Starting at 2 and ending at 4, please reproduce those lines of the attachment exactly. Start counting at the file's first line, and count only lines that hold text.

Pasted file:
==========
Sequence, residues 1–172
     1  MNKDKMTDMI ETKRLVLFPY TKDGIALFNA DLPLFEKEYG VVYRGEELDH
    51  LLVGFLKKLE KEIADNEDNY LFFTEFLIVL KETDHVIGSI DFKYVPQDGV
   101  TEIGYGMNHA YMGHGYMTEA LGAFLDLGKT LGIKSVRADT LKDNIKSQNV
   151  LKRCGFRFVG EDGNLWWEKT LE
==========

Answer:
     1  MNKDKMTDMI ETKRLVLFPY TKDGIALFNA DLPLFEKEYG VVYRGEELDH
    51  LLVGFLKKLE KEIADNEDNY LFFTEFLIVL KETDHVIGSI DFKYVPQDGV
   101  TEIGYGMNHA YMGHGYMTEA LGAFLDLGKT LGIKSVRADT LKDNIKSQNV